9.9

Hamilton National Tour Lives up to the Original

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<i>Hamilton</i> National Tour Lives up to the Original

Two years ago, I stumbled into a Hamilton ticket for face value on Broadway after strolling by the Richard Rogers Theatre after work, just to soak up the atmosphere. My luck continued as the entire original cast performed that night, save for Jonathan Groff, who’d already left the show.

The Hamilton phenomenon, as I saw it, rested on three pillars:

1. The music—an original blend of hip-hop and more traditional Broadway show tunes—is, by itself, superb.

2. The story, already gripping in Ron Chernow’s biography, translates wonderfully onto the stage following Alexander Hamilton’s exciting rise to power during the very birth of our nation in Act 1 and turning into a gut-wrenching tragedy in the final 30 minutes.

3. That cast.

So while I knew that the national tour would be able to replicate those first two pillars, I was a little concerned about pillar #3 as I caught one of the first nights of its stop at Atlanta’s Fox Theatre. How do you replace the charisma of Daveed Diggs as Lafayette/Jefferson, the voice of Leslie Odom Jr. as Burr, the rapid-fire grace of Renée Elise Goldsberry as Angelica Schuyler, the calming presence of Christopher Jackson as George Washington or the exuberant charm of creator and star Lin-Manuel Miranda?

The short answer is that you can’t exactly. But you can make sure that their replacements bring something else to those roles that serve the story in different ways.

Beginning with Hamilton himself, Austin Scott’s version demands to the be the center of attention with his earnest desperation and natural good looks with a voice to match. Chris De’Sean Lee, with perhaps the hardest shoes to fill, brings more humor—and better dance moves—to Jefferson. Nicholas Christopher’s Aaron Burr may be more visibly annoyed and less sympathetic than Odom’s, but that changes his dynamic with Hamilton in subtle and interesting ways. Sabrina Sloan’s Angelica and Carvens Lissaint’s Washington are impressively close approximations of their predecessors, and newcomer Julia K. Harriman is perhaps even better than Phillipa Soo at ripping out our hearts during “Burn” (blasphemy, I know).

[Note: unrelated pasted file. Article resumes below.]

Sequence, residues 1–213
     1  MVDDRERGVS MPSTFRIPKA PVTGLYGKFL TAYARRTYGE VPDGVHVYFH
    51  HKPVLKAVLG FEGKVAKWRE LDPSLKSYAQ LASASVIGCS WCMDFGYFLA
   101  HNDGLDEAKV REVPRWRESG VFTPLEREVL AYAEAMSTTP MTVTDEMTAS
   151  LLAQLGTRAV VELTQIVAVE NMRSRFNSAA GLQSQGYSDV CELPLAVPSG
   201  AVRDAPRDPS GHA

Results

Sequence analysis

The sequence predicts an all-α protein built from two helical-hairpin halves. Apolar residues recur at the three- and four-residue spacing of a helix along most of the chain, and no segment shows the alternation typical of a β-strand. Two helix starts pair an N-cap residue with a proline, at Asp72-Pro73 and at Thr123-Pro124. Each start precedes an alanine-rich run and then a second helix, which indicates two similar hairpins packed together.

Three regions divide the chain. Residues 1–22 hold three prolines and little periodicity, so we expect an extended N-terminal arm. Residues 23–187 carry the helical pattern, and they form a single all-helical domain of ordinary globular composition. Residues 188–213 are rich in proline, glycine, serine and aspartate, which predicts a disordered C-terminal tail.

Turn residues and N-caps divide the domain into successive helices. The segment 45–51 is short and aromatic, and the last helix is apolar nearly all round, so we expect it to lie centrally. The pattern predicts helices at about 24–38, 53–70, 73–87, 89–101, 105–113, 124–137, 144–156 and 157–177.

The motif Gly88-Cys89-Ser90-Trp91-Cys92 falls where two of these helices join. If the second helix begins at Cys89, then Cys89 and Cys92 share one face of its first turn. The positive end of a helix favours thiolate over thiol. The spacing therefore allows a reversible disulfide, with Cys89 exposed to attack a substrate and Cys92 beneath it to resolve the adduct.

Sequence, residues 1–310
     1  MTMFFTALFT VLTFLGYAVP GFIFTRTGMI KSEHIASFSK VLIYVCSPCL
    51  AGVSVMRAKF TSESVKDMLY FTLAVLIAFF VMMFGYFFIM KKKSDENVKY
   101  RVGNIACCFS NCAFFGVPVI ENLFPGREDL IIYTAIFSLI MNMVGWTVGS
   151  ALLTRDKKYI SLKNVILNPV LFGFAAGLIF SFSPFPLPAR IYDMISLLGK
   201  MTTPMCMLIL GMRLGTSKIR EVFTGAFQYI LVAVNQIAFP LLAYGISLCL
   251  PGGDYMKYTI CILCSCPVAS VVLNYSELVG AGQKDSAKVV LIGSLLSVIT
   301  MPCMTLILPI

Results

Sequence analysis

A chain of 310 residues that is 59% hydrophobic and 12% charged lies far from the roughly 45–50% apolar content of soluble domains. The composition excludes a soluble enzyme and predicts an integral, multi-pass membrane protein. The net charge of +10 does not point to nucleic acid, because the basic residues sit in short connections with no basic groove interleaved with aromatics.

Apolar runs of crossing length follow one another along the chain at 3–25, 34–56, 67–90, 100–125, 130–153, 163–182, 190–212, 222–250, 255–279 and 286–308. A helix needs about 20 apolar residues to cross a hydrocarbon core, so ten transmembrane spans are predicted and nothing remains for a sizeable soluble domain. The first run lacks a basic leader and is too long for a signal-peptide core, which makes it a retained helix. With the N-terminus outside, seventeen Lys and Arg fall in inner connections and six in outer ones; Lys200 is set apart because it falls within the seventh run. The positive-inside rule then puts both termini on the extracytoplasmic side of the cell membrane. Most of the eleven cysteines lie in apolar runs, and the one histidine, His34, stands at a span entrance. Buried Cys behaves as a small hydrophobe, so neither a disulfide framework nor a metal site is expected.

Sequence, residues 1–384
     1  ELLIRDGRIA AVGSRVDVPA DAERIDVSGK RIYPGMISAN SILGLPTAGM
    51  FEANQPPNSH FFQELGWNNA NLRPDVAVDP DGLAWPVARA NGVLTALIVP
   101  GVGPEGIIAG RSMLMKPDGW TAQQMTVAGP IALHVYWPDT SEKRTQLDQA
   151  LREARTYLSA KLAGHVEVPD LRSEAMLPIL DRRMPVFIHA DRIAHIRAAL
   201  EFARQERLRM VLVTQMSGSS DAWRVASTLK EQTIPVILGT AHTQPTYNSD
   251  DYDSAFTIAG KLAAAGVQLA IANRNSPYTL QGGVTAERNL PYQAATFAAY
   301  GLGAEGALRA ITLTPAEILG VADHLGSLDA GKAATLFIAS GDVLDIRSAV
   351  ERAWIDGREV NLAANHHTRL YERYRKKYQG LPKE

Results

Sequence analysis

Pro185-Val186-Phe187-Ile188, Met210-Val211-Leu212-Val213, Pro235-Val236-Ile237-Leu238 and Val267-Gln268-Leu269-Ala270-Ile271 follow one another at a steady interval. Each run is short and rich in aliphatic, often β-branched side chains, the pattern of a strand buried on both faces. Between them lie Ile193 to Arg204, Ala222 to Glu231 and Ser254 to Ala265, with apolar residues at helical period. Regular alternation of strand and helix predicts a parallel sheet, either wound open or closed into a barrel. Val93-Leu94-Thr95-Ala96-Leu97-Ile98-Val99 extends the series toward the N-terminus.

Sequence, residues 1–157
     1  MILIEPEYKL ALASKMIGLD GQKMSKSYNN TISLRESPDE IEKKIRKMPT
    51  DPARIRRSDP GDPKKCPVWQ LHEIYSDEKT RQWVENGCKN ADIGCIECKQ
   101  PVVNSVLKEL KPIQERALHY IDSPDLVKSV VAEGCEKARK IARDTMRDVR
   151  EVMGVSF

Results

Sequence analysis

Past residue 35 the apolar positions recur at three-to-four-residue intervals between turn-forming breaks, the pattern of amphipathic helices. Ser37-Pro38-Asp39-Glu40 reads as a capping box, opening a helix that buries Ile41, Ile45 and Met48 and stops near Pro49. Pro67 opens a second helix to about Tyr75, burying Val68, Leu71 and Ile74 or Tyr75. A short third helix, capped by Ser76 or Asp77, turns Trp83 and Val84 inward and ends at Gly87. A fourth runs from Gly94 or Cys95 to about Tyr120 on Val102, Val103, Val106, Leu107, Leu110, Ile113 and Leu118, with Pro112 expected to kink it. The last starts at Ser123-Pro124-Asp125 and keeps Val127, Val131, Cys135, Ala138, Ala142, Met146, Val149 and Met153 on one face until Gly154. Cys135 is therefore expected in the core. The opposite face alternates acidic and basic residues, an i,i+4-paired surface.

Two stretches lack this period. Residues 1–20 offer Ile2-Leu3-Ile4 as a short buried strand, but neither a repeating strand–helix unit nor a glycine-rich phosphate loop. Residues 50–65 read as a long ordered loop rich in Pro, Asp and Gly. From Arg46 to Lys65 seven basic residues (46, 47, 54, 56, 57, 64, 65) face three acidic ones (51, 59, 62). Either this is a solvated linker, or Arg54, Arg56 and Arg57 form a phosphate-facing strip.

The touring cast is by no means an improvement upon those the audience probably got to know intimately through the Broadway soundtrack. But the fact that more than a dozen different actors have played each of these roles now—whether in New York, London, Chicago or on tour—gives a depth of artistic choices to each new face. And while it’s been two years since watching it the first time, I was struck last night by how beautiful the choreography has become with every member of the main cast and ensemble moving nearly non-stop (save, gloriously, for King George), aided by the two concentric turntables and an abundance of dancing talent.

What remains the same is just how powerful of a musical Hamilton is, and how those who only know it from the music are in for a treat when they see how much richer everything is on stage. The rollercoaster of emotions from “Helpless” to “Satisfied.” The hilarity of every moment King George is present. The simple optimism of “Dear Theodosia.” The spectacle of “What’d I Miss.” The energy of both Cabinet Battles. The heat of “Say No to This.” The devastating heartbreak and grace of “It’s Quiet Uptown.” And the tragic beauty of Hamilton’s death scene, a gripping tone poem that begins the ending. It’s gorgeous, gripping, tragic and hopeful. And it’s still the best thing I’ve ever seen on a stage.

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